So there’s this new law affecting the real estate and mortgage industry, called the HVCC – short for “Home Valuation Code of Conduct”, which went into effect last month, and is the byproduct of a legal settlement between NY attorney general Andrew Cuomo and Fannie Mae & Freddie Mac.
Here’s how it was “supposed” to help: to assure appraisers that they would not be unduly influenced by lenders in the appraisal process.
Here’s where it proverbially, “sucks”: costs rose, and accuracy in appraisals took a nosedive. Moreover, appraisers that are unfamiliar with local markets, inexperienced or both, are using distressed sales – foreclosures and short sales of existing houses – as their comparables
Kenneth Harney from the Washington Post (in my opinion, probably the best columnist covering real estate issues, bar none), wrote a great article recently(full contents here, but I’ll quote some of the highlights below).
How it can affect everyone:
It could directly affect the value of your house – probably negatively – by tens of thousands of dollars
The issue concerns low valuations and the new rules guiding appraisers in both price-depressed and rebounding markets. Consider these snapshots of what’s going on:
- In San Diego, Steve Doyle, division president for Brookfield Homes, is trying to close out the final 20 houses of a 120-unit single-family subdivision. Prices range from $340,000 to $350,000. But recently there’s been a major hitch: Appraisers assigned by banks are coming in with valuations $60,000 or more below Doyle’s selling prices. The appraisers, who Doyle says are unfamiliar with local markets, inexperienced or both, are using distressed sales – foreclosures and short sales of existing houses – as their comparables. Some of the distressed properties are in poor condition, and all of them offer fewer amenities, according to Doyle.
- In Wilmington, N.C., a loan applicant with a house in excellent condition, and an unblemished payment record, sought to refinance into a 4 3/4 percent mortgage. She had purchased the property four years ago for $160,000 and made about $20,000 worth of improvements in the interim. Her loan application, according to Paul Skeens, president of Colonial Mortgage Group of Waldorf, Md., was “a slam dunk. Nothing to it.” The house was worth $180,000 to $200,000, according to one estimate.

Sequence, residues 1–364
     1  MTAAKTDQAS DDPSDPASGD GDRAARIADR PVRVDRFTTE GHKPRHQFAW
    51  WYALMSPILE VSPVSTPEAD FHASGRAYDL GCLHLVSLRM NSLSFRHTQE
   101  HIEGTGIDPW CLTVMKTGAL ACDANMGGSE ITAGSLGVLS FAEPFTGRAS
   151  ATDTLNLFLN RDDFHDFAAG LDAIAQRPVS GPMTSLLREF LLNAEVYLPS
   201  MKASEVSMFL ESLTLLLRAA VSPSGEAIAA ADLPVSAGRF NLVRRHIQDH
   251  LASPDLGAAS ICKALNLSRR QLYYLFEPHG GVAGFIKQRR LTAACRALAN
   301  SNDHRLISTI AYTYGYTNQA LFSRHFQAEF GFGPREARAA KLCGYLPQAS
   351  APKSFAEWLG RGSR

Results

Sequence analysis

But when an appraiser with little local knowledge was sent in by a bank to value the house, he chose two short-sale properties that had both closed in the mid-$140,000 range, and one inheritance sale around $155,000. The last property was “in horrible condition,” said Skeens. “I’d call it dog meat.” The deal-paralyzing appraised value that came in for the cream-puff refi: $149,000.
Complaints about lowballed appraisals – from builders, realty agents, consumers and mortgage companies – have erupted since May 1, when government-sponsored Fannie Mae and Freddie Mac put their new appraisal rules into effect nationwide. Critics charge that the new system is fostering the use of appraisers willing to work for low fees – sometimes 50 percent below previous standards – and who are willing to conduct home appraisals far outside their typical areas of activity.
Under the HVCC, appraisers are now routinely assigned by appraisal management companies rather than being selected by mortgage companies or loan officers. The management companies pocket as much as 40 to 50 percent of the appraisal fee.
Frustration with the new system boiled over and made its way to Capitol Hill late last month. The National Association of Home Builders called for an immediate change in the rules governing the use of foreclosures, short sales and other distress transactions as comparables for appraisals on non-distressed, typical homes, whether new or resale.
Two congressmen – Travis Childers, D-Miss., and Gary Miller, R-Diamond Bar (Los Angeles County) – have introduced legislation calling for an 18-month moratorium on the appraisal code. In identical letters to James Lockhart, the top regulator of Fannie Mae and Freddie Mac, and Cuomo, the National Association of Realtors also requested a moratorium and complained that the code is raising costs to borrowers, distorting property values and killing sales.
Asked for comment, Lockhart said through a spokesperson that his agency is monitoring the situation, and considers “the views of market participants important.”
Bottom line: Be aware of the issue. It affects your equity, even if you’re not buying or selling. And watch to see whether Congress fixes the problem.